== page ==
Two of London’s most interesting large Victorian cemeteries. Kensal Green and Brompton, are located in Kensington. On Tuesday 16 July, we will be visiting oldest and largest of London’s seven commercial cemeteries that were established between 1833 and 1841: Kensal Green Cemetery, where more than 250,000 bodies have been interned – so far, as it is still “open for business”. Most of those graves have eventually been replaced by new ones, but visitors can look at and ponder over more than 65,000 marked graves.
As London’s population expanded rapidly in the early 1800s, it became clear that existing church graveyards would be unable to cope, so the barrister George Frederick Carden, who in 1821 had visited the enormous Père-Lachaise Cemetery, which had opened in Paris in 1804, thought that London needed something similar: a series of appealing suburban cemeteries catering for the affluent middle and upper classes. In 1830 he managed to gather a group of enthusiasts who set up a committee for the purpose of creating a large commercial cemetery outside central London. They found and bought 54 acres of land at Kensal Green, and after hard lobbying for this radically new idea, their General Cemetery Company was approved by Parliament in 1832 and the building project could begin.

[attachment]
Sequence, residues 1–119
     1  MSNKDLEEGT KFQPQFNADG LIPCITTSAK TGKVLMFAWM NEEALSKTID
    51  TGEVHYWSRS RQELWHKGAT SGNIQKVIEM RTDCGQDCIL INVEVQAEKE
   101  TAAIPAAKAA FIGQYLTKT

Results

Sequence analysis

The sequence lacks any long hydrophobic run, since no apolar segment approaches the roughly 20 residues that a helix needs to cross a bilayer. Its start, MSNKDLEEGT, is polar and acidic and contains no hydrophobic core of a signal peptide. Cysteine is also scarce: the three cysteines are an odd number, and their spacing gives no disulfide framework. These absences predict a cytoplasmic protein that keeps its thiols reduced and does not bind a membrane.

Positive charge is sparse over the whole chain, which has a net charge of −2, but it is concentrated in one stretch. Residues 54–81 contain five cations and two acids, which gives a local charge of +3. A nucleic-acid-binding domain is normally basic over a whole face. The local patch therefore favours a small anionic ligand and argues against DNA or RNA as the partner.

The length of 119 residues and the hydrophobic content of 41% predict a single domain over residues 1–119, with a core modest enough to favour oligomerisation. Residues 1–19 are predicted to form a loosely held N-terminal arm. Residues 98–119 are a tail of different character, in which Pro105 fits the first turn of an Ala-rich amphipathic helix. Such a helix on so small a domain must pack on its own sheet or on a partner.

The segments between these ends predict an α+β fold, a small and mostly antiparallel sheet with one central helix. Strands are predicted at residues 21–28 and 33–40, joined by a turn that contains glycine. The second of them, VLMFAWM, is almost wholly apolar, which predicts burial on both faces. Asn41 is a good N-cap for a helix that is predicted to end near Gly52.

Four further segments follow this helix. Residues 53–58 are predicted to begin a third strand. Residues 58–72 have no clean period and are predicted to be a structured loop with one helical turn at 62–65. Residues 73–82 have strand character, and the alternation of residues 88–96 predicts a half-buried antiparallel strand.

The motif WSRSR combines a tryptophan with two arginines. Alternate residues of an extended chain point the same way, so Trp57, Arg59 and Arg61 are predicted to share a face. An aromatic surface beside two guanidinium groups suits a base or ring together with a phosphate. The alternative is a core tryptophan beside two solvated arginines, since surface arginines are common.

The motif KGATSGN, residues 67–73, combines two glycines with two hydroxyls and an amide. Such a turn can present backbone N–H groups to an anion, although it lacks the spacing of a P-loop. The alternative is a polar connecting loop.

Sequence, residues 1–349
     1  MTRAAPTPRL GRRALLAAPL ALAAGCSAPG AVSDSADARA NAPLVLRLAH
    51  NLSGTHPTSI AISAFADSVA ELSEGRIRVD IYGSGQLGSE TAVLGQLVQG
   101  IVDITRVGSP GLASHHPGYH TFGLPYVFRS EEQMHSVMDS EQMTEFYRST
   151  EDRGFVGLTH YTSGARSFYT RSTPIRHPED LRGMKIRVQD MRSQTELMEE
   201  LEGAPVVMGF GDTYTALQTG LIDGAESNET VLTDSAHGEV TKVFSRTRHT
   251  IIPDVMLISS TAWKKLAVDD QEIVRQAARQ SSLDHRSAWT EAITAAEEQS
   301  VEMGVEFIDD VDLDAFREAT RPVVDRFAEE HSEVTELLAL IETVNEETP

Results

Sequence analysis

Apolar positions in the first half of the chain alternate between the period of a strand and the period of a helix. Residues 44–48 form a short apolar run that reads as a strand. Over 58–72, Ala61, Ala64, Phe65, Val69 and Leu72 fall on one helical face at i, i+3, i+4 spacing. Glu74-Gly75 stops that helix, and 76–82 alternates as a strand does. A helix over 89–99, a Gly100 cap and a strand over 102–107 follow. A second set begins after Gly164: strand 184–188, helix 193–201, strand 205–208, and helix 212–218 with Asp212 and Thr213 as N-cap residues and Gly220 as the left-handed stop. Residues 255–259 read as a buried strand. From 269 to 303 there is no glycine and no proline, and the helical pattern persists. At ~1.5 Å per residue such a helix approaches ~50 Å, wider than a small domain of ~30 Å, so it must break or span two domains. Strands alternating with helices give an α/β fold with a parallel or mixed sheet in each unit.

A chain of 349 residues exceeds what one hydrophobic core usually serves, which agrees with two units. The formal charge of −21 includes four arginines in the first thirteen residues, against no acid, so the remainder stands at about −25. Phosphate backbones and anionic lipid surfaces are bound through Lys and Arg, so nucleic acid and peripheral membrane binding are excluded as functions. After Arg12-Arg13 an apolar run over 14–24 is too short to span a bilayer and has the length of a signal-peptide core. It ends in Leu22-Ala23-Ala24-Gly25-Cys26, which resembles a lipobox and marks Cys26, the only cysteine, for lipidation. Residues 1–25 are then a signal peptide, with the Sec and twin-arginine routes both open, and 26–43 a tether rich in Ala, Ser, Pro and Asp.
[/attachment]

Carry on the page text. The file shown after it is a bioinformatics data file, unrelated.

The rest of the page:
The Church of England was allotted 39 acres and the remaining 15 acres, clearly separated, were given over to Dissenters, a distinction deemed crucial at the time. On 24 January 1833 the cemetary was consecrated by the Bishop of London, and a few days later it held its first funeral.
The cemetery became a real success among the rich and famous when Prince Augustus Frederick, Duke of Sussex (son of George III) asked to be buried there in 1843. His sister Princess Sophia was also buried there five years later, as are three generations Brunels (Marc Isambard, Isambard Kingdom, his two sons Isambard and Henry Marc, and all their widows), William Makepeace Thackeray, the Alice in Wonderland illustrator John Tenniel and, more recently, the Swinging Sixties fashion designer Ossie Clark. Over 550 of the famous cemetery residents can be found in the Dictionary of National Biography.
Between 1836 and 1841, Kensal Green was quickly followed by a further six commercial cemeteries around London. Today, they are informally known as The Magnificent Seven. However, the Metropolitan Interments Act of 1850 and the Burial Acts of 1852-1885 prompted local governments to create municipal cemeteries supported by taxes and managed by civic burial boards, which effectively put an end to the creation of any more commercial cemeteries.
Come with us on a special guided tour, led by two trustees of The Friends of Kensal Green, chairman Jenny Freeman and author and historian Henry Vivian-Neal. We will walk round parts of this beautiful and fascinating cemetery (suitable footwear required!) before returning to the Dissenter’s Chapel for drinks – outside if it’s a fine evening, so we can admire the view.
The number of places is limited to 20 so do sign up early! This is a very special visit, as the cemetery will be closed to the general public by the time we arrive.
Kensington Society members £15, non-members £20